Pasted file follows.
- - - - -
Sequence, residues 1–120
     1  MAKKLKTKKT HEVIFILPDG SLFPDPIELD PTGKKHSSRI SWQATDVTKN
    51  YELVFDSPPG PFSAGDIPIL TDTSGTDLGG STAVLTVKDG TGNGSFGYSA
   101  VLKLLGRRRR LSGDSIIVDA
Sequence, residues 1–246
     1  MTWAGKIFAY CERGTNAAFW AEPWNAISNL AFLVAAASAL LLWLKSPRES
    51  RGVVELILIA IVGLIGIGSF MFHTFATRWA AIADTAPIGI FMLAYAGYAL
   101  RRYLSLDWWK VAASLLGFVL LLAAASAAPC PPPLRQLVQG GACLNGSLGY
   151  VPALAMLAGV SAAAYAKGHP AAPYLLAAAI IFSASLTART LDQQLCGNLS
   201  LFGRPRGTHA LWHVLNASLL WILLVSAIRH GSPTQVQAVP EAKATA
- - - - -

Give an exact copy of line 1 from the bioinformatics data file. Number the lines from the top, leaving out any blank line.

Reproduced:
Sequence, residues 1–120